Pedicab article in NYTimes
Here is an article form the NY Times that explains the current issue.
In New York, Calls to Regulate Cabs Powered by Legs, Too
Wendy Scher was at the helm of a PartyBike on Saturday as a pedicab passed by in Times Square. The police have impounded several of the bikes. Photo by Dima Gavrysh for the New York Times
Article by Sewell Chan
Published: May 8, 2006
The Bloomberg administration has put forward a comprehensive proposal to regulate the city's decade-old pedicab industry for the first time, seeking to bring order to the human-powered for-hire vehicles that have become increasingly popular on Midtown streets, particularly during the warm months.
The proposal would confer legal recognition on the pedicabs, which are similar to rickshaws, except that they are pedaled instead of pulled. Nearly 300 pedicabs operate in the city, but until now there have been no formal safety standards, rules of operation or licensing requirements.
The regulations would also outlaw a popular round bicycle built for seven, a multiwheeled contraption in which six riders pedal while the seventh, the driver, steers from the rear. The Police Department has called the bike — sometimes marketed as a PartyBike or a Superbike and mostly used around Times Square — a hazard that chokes off traffic, and has impounded several of the vehicles.
"It's not the bike itself, it's how it's operated," James S. Muessig, owner of Superbike, which owns four of the vehicles, said yesterday. "We do it safely and responsibly."
The proposal, drafted by the Department of Consumer Affairs over several months and presented to the City Council on Friday, would require pedicab owners to pay a $125 licensing fee each year, and $70 for each additional cab, and to carry an insurance policy covering up to $1 million in liability.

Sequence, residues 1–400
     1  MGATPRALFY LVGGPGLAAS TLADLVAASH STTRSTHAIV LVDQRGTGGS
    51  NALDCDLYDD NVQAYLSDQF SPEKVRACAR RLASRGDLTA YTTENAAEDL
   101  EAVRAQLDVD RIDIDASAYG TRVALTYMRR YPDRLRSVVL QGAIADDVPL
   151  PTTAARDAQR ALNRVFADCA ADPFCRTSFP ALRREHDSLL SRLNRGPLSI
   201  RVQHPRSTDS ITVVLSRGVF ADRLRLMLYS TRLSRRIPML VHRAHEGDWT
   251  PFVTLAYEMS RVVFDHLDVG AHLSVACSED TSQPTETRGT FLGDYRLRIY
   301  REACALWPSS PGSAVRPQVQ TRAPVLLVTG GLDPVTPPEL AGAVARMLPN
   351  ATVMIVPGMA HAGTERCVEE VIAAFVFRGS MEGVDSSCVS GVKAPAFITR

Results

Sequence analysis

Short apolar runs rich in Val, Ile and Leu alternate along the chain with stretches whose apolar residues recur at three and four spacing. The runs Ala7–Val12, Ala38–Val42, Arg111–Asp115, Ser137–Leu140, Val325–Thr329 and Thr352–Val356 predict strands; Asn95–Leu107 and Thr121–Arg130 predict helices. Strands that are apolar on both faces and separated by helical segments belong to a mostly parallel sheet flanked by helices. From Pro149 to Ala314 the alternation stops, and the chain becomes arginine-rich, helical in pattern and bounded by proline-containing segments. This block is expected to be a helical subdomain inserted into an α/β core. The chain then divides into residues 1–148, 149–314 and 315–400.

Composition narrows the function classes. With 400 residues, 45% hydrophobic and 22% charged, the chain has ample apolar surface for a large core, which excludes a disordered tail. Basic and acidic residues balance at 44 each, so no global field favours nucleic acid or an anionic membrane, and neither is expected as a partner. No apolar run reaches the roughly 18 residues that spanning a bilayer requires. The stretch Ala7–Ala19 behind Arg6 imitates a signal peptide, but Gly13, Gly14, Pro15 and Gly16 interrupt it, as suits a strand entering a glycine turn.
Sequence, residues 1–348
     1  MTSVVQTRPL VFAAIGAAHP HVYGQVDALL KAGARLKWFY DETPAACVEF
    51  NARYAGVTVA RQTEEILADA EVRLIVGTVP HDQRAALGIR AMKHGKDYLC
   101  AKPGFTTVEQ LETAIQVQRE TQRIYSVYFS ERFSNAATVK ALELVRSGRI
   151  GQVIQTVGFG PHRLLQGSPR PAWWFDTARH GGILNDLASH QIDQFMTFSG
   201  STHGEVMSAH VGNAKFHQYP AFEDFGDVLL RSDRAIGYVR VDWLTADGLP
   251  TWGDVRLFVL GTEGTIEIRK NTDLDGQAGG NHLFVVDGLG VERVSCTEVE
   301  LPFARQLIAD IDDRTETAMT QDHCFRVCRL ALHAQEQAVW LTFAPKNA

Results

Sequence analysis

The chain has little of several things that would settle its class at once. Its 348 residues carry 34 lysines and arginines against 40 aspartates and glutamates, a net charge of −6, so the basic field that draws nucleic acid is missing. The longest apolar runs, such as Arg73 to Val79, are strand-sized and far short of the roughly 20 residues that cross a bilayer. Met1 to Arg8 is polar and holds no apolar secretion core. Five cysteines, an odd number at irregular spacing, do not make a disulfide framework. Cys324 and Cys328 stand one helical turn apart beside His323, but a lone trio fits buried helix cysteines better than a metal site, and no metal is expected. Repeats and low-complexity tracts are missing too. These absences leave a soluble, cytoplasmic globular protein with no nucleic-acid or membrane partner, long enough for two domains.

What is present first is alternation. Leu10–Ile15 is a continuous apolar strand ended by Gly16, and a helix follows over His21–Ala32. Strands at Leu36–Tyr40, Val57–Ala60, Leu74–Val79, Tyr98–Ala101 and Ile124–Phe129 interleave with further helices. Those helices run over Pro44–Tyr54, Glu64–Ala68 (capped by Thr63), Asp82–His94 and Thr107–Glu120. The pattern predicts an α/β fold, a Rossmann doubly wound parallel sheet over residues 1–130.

Each pedicab would be limited to two adult passengers with one child 3 or younger. Each vehicle would have to have water-resistant hydraulic or mechanical brakes, emergency brakes, battery-powered headlights and taillights, turn lights, reflectors, side-mounted rear view mirrors and passenger seat belts. The pedicabs would be prohibited in parks, on bridges and in tunnels. Owners and drivers who violate the rules could have their licenses suspended or revoked, face fines of $200 to $4,000, and have their vehicles seized.
Some owners of taxis and horse-drawn carriages have called for a ban on pedicabs, arguing that they are unsafe and that a carriage license or taxicab medallion confers the exclusive right to respond to street hails. "Pedicabs are like illegal street peddlers, and they're stealing passengers away from taxi operators," said Joseph E. Giannetto, who represents owners of taxi fleets.
Councilman Leroy G. Comrie Jr., a Queens Democrat, has set a hearing on Thursday to discuss the proposal.
Pedicabs have been operating in New York since 1995. The drivers typically pay $200 a week to rent a cab and make up to $150 in a seven- or eight-hour shift. The cost of a cab is $3,600 to $7,000.
"We need to legitimize the industry so that cabbies stop blowing their horns at us and so people start taking us seriously as a form of clean-air transportation," said Robert E. Brennan, 36, an actor and freelance editor who began driving a pedicab three weeks ago.